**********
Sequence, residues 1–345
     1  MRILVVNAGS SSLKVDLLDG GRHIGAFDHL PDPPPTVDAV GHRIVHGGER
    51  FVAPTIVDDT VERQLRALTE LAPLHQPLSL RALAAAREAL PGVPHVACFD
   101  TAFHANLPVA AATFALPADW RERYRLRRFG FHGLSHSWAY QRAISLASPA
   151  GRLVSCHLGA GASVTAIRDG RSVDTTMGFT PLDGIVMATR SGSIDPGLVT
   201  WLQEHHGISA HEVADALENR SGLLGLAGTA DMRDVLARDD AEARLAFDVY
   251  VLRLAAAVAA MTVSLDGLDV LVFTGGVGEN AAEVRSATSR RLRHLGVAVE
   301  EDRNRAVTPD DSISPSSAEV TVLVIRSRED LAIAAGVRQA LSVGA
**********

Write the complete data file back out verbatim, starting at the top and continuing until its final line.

Sequence, residues 1–345
     1  MRILVVNAGS SSLKVDLLDG GRHIGAFDHL PDPPPTVDAV GHRIVHGGER
    51  FVAPTIVDDT VERQLRALTE LAPLHQPLSL RALAAAREAL PGVPHVACFD
   101  TAFHANLPVA AATFALPADW RERYRLRRFG FHGLSHSWAY QRAISLASPA
   151  GRLVSCHLGA GASVTAIRDG RSVDTTMGFT PLDGIVMATR SGSIDPGLVT
   201  WLQEHHGISA HEVADALENR SGLLGLAGTA DMRDVLARDD AEARLAFDVY
   251  VLRLAAAVAA MTVSLDGLDV LVFTGGVGEN AAEVRSATSR RLRHLGVAVE
   301  EDRNRAVTPD DSISPSSAEV TVLVIRSRED LAIAAGVRQA LSVGA